First, we recommend raising the issue shortly after the engagement. In an ideal world, this is something that would be negotiated and signed well in advance of the wedding invitations going out. Bombarding your intended with an agreement in the days or even weeks before the ceremony can make them feel as if they have been ambushed. This is no way to begin your journey together. You want to both be on the same page and comfortable with the terms of the agreement. Neither of you should sign anything until the agreement has been reviewed by two separate attorneys - one representing each of you - to ensure the agreement is mutually beneficial and each of your assets and interests are protected.
Secondly, when you approach the conversation, make sure you are honest and forthright. Perhaps you have a family history of nasty divorces. Maybe you have children from a prior marriage and you want to make sure they are protected. In some instances, you may have an inheritance you want to shield. Whatever the case, be open. Your new spouse will respect you more for it and it will likely make the process move more smoothly.
Bear in mind also that another reason to be upfront is that there has to be full disclosure in order for a prenuptial agreement to be considered valid. That means you are going to have to let your new spouse know how much you earn, how much you're worth and the extent of your assets. Again, ideally these would be discussions you would have already had, but at the very least, you will have to disclose them prior to signing the agreement. Keep in mind that if your spouse doesn't acknowledge certain property as separate at the time you married, he or she can always come back and later claim it was marital property, meaning it could be subject to division.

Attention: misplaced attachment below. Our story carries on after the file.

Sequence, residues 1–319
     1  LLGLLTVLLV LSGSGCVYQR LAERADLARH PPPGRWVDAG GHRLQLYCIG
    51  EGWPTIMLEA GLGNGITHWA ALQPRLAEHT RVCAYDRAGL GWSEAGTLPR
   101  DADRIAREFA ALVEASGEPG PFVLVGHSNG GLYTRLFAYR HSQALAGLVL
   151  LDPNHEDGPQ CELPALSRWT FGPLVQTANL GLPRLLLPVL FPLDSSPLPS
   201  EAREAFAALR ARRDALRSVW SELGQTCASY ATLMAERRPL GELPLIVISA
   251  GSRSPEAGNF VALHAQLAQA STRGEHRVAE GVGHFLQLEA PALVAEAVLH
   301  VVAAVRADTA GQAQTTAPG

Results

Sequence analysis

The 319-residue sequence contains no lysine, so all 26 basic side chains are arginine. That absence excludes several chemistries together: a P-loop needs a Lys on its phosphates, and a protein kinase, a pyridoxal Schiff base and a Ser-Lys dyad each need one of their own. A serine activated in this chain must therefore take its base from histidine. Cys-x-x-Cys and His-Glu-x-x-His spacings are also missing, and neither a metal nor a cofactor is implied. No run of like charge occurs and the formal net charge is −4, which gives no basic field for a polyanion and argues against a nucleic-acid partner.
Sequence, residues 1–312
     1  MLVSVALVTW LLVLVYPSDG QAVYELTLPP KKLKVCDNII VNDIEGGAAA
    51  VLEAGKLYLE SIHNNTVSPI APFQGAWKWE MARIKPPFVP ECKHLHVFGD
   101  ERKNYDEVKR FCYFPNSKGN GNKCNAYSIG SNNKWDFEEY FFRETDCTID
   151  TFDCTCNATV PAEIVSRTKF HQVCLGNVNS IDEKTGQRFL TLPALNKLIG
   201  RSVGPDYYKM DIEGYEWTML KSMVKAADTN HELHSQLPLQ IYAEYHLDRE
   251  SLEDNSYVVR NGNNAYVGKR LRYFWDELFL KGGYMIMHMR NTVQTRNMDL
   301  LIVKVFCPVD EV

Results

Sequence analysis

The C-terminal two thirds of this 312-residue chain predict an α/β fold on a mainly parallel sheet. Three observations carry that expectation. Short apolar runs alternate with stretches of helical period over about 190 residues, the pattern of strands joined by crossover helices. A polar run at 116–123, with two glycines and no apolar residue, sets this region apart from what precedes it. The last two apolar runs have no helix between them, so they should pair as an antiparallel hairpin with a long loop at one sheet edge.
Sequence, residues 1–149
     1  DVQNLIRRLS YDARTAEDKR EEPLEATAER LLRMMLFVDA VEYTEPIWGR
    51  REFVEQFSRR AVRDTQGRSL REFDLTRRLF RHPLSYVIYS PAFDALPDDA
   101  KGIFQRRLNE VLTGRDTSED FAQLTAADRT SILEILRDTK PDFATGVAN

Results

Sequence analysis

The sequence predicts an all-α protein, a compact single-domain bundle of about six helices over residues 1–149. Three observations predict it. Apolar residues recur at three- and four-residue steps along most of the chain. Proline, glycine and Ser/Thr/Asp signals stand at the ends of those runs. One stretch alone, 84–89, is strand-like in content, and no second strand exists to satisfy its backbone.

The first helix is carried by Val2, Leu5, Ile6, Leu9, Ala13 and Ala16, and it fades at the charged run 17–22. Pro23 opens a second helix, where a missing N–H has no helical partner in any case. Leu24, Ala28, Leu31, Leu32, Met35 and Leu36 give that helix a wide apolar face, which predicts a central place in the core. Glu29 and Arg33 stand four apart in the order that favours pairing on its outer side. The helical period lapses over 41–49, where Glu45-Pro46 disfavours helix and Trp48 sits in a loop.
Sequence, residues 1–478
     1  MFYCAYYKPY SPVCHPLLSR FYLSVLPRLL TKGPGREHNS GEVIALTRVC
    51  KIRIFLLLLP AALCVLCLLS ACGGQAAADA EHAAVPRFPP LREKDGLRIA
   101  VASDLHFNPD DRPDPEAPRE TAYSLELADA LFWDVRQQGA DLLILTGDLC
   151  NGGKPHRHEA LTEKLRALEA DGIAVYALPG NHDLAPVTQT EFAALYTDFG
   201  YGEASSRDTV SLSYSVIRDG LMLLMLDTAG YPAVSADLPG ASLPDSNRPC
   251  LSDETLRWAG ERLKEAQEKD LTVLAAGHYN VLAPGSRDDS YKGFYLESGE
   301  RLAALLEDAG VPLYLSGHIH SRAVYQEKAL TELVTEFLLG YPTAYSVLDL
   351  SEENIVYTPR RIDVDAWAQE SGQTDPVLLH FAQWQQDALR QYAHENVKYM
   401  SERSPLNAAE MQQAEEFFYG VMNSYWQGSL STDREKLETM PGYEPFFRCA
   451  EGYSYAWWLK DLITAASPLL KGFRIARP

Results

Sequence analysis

Be prepared for some level of negotiation. Try to approach this with a mature and open mind and with the legal advice of an experienced family law attorney. This means you will need to consider too any possible changes up the road. For example, both parties may be self-sufficient at the moment, but it's possible that once children come along, one could choose to become a full-time, stay-at-home parent. Your agreement should encompass these kinds of contingencies.